Pesky pedestrians and bolshy bicyclists will stop driverless cars in their tracks, believes transport journalist Christian Wolmar. He calls this algorithm-enforced stasis the "Holborn problem" – when the London area fills with pedestrians exiting the busy underground station in rush hour they spill on to the road, and such an exodus would halt driverless cars, making them useless in peak periods.
Wolmar thinks driverless cars – known by wonks as "autonomous vehicles" – will be useless outside of peak times, too. He has written a short book about this most hyped of subjects, and pours cold water on those who believe AVs will ever displace human-piloted road vehicles.
"Driverless Cars: On a Road to Nowhere" was published last week and it’s the subject of a BikeBiz-connected podcast conversation recorded yesterday.
Wolmar doesn’t believe AVs will replace human-driven cars because the motor industry is still producing such cars, and the only way AVs could truly work is if they were the only vehicles on the road. If human-driven cars were on the same roads as AVs there would be lots of crashes, and there would be risks of "highway robberies" as human drivers boxed in AVs – which would have to stop – and robbed the occupants.
Similarly, AVs can’t be on the same roads as pedestrians and cyclists because they could walk and cycle in front of the safety-first vehicles.
Introducing a concept driverless car at a motor show Renault chief executive Carlos Ghosn told CBNC last year that the arrival of the technology could be delayed by cyclists who, he said, "don’t respect any rules usually."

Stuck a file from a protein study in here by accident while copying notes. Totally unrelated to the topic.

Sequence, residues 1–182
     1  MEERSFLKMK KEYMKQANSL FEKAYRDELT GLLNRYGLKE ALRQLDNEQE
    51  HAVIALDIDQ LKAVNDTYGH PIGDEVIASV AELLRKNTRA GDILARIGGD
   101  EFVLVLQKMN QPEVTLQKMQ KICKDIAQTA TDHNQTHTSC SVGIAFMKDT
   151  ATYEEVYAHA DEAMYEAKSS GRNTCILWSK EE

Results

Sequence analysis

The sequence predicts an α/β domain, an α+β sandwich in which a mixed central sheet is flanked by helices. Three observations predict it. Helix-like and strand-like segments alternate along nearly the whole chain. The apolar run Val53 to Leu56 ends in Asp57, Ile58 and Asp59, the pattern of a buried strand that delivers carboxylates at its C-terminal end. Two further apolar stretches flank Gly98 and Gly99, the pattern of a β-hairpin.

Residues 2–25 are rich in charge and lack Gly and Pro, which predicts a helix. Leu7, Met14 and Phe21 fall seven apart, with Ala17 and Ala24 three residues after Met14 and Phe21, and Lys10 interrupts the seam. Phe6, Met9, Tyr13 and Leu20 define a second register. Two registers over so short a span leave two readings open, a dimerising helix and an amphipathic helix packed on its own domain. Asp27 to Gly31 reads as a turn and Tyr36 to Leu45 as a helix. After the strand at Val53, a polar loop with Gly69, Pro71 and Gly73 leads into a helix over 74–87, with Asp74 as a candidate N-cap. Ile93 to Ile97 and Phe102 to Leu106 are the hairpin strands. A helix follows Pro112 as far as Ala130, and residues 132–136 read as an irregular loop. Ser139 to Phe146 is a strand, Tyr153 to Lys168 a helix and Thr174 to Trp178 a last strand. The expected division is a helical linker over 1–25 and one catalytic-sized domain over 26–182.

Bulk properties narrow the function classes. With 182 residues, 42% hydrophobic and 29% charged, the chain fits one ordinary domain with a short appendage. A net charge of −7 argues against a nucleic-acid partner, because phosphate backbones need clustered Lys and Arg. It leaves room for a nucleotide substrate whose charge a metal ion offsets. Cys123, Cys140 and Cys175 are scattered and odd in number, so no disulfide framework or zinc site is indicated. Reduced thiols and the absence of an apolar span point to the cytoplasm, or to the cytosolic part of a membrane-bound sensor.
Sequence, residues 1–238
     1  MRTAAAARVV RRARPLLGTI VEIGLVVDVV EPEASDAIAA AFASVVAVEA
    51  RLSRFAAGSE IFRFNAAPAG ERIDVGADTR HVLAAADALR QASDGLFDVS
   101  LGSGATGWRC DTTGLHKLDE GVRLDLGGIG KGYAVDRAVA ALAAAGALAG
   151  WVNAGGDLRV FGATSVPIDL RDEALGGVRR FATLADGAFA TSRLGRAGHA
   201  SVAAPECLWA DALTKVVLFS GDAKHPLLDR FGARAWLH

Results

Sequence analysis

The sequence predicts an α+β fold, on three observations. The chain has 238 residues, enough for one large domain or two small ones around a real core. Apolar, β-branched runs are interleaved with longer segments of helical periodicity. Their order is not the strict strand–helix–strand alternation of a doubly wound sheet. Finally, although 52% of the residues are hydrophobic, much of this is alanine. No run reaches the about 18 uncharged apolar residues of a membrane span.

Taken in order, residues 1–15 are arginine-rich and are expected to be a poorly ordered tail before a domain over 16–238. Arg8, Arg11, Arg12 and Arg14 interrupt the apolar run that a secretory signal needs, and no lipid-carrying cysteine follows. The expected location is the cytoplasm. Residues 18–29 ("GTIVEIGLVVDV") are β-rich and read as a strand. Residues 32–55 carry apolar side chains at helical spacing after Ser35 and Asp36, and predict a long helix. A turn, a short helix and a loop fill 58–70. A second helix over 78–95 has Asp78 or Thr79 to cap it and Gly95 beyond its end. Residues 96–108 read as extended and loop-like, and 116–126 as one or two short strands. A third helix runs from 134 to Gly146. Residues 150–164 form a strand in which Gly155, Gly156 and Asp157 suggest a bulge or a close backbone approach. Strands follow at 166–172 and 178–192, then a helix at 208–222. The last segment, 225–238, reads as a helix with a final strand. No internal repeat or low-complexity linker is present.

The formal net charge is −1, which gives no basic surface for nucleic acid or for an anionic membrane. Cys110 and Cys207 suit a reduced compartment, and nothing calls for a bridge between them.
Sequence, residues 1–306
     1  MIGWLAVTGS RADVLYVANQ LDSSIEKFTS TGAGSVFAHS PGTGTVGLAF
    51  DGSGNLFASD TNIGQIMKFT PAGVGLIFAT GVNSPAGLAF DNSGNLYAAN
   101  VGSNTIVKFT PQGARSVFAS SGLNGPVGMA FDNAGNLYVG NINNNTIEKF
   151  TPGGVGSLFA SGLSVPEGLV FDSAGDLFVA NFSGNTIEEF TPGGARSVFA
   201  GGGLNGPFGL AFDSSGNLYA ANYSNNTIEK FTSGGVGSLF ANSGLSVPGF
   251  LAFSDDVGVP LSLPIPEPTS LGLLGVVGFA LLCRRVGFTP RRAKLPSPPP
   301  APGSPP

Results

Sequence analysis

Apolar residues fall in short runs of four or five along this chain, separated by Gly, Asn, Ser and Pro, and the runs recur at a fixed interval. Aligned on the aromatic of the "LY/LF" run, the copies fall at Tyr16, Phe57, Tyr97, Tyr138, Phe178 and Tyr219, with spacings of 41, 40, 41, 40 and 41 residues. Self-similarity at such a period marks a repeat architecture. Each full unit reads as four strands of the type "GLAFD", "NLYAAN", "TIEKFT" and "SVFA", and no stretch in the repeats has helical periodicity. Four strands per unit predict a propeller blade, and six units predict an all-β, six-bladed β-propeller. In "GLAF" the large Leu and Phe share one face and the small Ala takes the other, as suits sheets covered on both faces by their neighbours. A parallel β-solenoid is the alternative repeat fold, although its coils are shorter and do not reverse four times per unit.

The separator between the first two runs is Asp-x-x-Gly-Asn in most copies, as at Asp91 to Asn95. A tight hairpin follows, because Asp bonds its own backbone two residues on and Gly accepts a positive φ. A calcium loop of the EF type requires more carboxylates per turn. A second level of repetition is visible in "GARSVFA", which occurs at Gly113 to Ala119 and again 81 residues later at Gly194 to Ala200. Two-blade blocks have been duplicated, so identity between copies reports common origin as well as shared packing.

Ghosn worried that driverless cars have a cycle-shaped hurdle to leap: "One of the biggest problems is people with bicycles. The car is confused by [cyclists] because from time-to-time they behave like pedestrians and from time-to-time they behave like cars."
(A cyclist hanging at a US intersection on a fixed-wheel bicycle in 2015 found that a Google driverless car in front of him wouldn’t budge because of his nudging to and fro in order to balance.)
Marjan Hagenzieker, professor of road safety at the Delft University of Technology in the Netherlands, told a Dutch news site in 2015 that the unpredictability of cyclists "throws a spanner in the work of technology optimists" because "robots are not good at dealing with inconsistent behaviour."
Savvy cyclists, who know they will be safe in front of a computer-controlled car, will have little incentive to cede priority. "Some will be careful with an autonomous car in traffic; others less so in the expectation that the car brakes by itself," said Hagenzieker
The Netherlands is the country best adapted to welcoming the advent of AVs, says a recent report. KPMG’s "Autonomous Vehicles Readiness Index 2018" was authored by the company’s global head of infrastructure Richard Threlfall, a former private secretary to the UK transport secretary.
Threlfall told BikeBiz: "AVs should in theory allow road lanes eventually to become narrower, because AVs should be able to navigate much closer together. That in turn should free up space which is currently assigned to [motor] vehicles, creating the possibility of much more extensive networks of cycle lanes being created alongside carriageways."
One of the conclusions of the podcast conversation with Wolmar is that AVs will need their own dedicated tracks, but for that to happen there would also have to be dedicated tracks for other road users. So, if cities were truly expecting the future to be one involving driverless cars they would be already fencing off footways and creating cycleways. How about that should be the pre-condition? Before planners and policy makers get too starry-eyed about AVs they should first create enhanced footways and super-wide cycleways.